Sanding Before Using Briwax
Therefore, sanding any of these surfaces too much (getting them as smooth as glass) will not give Briwax anything to hold onto to. Think of trying to wax a glass surface…the wax will just move around on the surface, there is nothing to hold the wax in place.
The illustration below will give you a good idea of the surface finish associated with various grits of sandpaper.
(The finer grits, 220-400, are primarily used for rubbing out a cured varnish and eliminating any dust nibs caught in the varnish.)
Fine - Medium Fine
Finish Sanding Before Staining
The number identification or grit number is located on the back of the sandpaper sheet.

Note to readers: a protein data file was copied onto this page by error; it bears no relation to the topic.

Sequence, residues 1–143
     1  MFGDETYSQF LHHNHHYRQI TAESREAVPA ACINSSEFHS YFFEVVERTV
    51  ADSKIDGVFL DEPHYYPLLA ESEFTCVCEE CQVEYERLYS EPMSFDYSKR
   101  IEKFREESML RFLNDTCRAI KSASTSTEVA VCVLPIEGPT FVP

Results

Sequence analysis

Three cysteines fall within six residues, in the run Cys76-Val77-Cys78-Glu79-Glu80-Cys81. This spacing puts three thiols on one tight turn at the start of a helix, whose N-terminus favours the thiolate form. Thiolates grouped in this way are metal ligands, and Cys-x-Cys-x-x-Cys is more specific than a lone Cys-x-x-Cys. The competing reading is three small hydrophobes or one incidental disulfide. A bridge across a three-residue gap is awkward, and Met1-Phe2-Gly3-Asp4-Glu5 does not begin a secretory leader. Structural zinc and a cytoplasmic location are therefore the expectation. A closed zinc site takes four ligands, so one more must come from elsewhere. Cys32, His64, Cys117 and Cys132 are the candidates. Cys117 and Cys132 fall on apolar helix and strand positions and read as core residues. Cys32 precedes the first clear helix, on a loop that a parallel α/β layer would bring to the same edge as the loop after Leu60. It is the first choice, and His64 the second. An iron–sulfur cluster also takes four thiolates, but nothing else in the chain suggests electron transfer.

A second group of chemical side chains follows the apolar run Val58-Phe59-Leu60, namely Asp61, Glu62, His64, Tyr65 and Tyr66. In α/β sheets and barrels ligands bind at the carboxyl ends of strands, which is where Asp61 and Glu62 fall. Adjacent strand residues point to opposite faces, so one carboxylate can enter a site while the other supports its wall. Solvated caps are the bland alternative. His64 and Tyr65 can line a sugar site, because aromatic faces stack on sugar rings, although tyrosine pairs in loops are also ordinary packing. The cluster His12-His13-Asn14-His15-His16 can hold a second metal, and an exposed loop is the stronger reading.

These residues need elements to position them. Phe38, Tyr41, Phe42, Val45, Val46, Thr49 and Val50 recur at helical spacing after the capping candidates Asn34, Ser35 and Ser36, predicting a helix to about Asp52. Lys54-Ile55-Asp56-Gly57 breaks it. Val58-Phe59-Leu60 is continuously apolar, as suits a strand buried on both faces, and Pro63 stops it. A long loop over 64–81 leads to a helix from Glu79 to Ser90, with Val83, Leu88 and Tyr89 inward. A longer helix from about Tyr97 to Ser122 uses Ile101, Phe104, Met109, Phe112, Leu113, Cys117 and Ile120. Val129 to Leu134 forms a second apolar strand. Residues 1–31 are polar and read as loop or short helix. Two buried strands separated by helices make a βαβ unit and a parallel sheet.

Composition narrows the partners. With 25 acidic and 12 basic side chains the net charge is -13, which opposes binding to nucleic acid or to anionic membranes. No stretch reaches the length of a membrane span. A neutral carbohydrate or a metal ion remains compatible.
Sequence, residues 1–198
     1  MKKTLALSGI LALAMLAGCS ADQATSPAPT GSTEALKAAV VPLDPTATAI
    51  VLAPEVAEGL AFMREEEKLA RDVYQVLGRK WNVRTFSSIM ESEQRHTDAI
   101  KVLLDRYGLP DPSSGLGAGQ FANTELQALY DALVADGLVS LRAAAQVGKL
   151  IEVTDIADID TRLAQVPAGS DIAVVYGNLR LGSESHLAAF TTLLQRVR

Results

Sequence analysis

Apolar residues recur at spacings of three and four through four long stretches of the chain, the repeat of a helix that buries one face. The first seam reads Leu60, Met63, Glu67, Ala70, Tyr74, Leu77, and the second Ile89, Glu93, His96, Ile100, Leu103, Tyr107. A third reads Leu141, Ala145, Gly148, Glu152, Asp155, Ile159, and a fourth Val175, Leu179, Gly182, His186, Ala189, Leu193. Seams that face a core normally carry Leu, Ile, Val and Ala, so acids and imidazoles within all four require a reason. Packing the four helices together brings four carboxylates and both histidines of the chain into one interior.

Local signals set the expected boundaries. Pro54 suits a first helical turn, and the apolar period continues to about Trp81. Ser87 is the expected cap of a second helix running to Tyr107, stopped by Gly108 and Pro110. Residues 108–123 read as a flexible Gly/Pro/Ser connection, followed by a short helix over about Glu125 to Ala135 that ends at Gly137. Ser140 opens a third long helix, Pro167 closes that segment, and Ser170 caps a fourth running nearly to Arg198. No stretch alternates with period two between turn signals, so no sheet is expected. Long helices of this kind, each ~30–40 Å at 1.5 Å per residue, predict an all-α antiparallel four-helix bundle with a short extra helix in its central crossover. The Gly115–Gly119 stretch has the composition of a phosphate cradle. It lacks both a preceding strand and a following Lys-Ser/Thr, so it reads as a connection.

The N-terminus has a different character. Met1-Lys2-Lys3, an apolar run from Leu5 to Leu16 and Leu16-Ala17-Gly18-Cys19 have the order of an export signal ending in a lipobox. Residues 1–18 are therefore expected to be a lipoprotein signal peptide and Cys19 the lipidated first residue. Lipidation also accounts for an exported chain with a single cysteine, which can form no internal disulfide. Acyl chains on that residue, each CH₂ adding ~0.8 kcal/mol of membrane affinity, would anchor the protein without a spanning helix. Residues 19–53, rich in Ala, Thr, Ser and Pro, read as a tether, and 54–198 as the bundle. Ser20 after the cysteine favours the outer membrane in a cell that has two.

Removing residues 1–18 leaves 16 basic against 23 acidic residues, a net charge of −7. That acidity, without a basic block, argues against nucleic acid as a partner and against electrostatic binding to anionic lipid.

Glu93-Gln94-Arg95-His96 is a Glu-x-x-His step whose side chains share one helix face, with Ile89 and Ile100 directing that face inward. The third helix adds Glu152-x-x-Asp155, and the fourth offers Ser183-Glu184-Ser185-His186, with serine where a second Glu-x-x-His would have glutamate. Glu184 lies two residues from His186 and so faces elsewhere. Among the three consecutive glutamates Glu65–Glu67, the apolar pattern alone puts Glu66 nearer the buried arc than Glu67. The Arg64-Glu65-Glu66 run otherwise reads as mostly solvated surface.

The surface of the wood looks much like "peaks" and "valleys". In order to achieve a sheen with Briwax, you must first fill the pores and the "valleys" with Briwax.
On soft woods, such as pine, the pores of the wood are large. Generally three or four applications of Briwax are necessary to completely fill the pores and develop a beautiful hand rubbed luster on raw pine.
Pine that has already been stained or finished will develop a sheen more quickly. The pores and valleys are already filled.
On hard woods -- maple, birch, etc. -- the pores are quite small. The hand rubbed luster can easily be achieved with one or two applications of Briwax.
Remember these key elements in applying Briwax:
- Use Briwax sparingly -- a little goes a long way
- Always buff after each application of Briwax
- If the wax smudges, you've used too much Briwax, simply apply more and spread it much further.